October 10, 2006

Karl Lagerfeld

I want this cd!!


Karl Lagerfeld's aural obsession is almost as well-known as his aesthetic one—he owns upwards of 70 iPods and needs every gigabyte to hold his collection of over 60,000 CDs. Now the designer is sharing a portion of the wealth with Karl Lagerfeld: Les Musiques Que J'aime [My favorite songs], a two disc set that is divided into an “at home” mix (anything from Black Mountain to LCD Soundsystem) and an equally eclectic selection of “fashion show” tracks (from Stravinsky to Stereolab). Its US release is scheduled for November, but Karl obsessives can snag a copy right now through amazon.fr.

October 5, 2006

Fashion in Fiction Conference!

For all you academics out there...an amazing chance to visit one of the most beautiful countries in the world. See you at Bondi beach!

Fashion in Fiction 26-27 May 2007

An International Transdisciplinary Conference, University of Technology, Sydney Australia
It was Roland Barthes who proposed that fashion was not an "industry" but rather a set of fictions. By this Barthes did not wish to ignore the economic function of fashion, but rather underline fashion's mythic dimension, and suggest that fashion is a literature in itself. Fashion and fiction have long existed in close proximity; writers have been driven by their experience of fashion; fashion has been developed through and by literary tropes. What makes dress and fashion such a fascinating subject for writers? And how are fashion's mythologies constructed and disseminated through fictional texts?

This transdisciplinary conference, a creative collaboration between the Faculty of Design, Architecture and Building and the Faculty of Humanities and Social Sciences, seeks to investigate and explore the role that fashion has played in fictional narratives from the 19th century to the present. In particular, it will examine specific fashion discourses or conversations within fiction, assessing the role, function, and purposes of clothes, fashion movements, style and image to create narratives within narratives.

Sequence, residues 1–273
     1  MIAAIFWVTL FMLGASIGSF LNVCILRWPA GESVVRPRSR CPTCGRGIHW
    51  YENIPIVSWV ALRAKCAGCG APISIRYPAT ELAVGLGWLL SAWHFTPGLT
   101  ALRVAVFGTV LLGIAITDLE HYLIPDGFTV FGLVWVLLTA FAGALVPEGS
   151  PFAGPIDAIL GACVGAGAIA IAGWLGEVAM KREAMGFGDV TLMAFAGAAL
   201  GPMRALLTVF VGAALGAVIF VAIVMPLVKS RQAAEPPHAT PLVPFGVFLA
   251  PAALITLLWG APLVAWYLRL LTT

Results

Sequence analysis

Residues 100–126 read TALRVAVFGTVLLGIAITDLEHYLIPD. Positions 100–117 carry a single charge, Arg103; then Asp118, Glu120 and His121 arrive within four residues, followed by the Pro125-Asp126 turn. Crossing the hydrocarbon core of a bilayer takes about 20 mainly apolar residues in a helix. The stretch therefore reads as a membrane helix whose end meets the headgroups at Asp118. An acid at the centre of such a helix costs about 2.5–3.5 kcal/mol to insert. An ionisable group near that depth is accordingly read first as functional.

Papers are sought from those engaged in the fields of literature, creative writing, media, cultural studies, fashion and design, philosophy and theory.

Selected papers will be published in a peer referred publication.

Abstract Deadline: October 15, 2006
Please send abstracts to:


LOVE the latest Hussein Chalayan collection for SS2007.

Love love love it. Wearable art.

October 3, 2006

The end of fashion? Food for thought...

From Suzy Menkes of the International Herald Tribune [via Fashionologie]

We may be looking now at a situation where fashion is no longer the defining badge of social acceptability. Or more probably, that clothes will retain their importance but in a fragmented way, as, in response to homogenous branding, society divides into myriad fashion tribes.

If, at this start of the 21st century, a design crusader emerges who can trounce all that stands in the way and win a worldwide name and empire, it will be a triumph indeed.

Is fashion over? It will just be different. And who knows if the next new brand will be built in cyberspace?

October 2, 2006

Precesion of Simulacra

One more reason I like to read the blog Counterfeit Chic. Because issues of authenticity and creative patents are everywhere these days! I don't understand why Target would get into this sort of business, since they're a large company that is much more vulnerable to lawsuits than the little stores on Canal St. but hey, I guess we'll find out soon what this is all about.

Also, does anyone else find it funny that such a brand like Coach is concerned about knock-offs and fakes?

Coach Files Trademark Suit Against Target Over Fake Handbag

NEW YORK (AP) -- Luxury handbag and accessory maker Coach Inc. has sued Target Corp., alleging the Minneapolis, Minn., retailer is selling a counterfeit handbag that claims to be an authentic Coach product.

The New York-based luxury goods company claims a counterfeit handbag that is an "exact replica of a genuine Coach handbag" and that bears a counterfeit of at least one Coach trademark was purchased from a Target store in Largo, Fla.
The lawsuit, filed late Friday in federal court in Manhattan, is seeking more than $1 million in damages. Target's media relations department didn't immediately return a phone call seeking comment Monday.

Source [via JJB]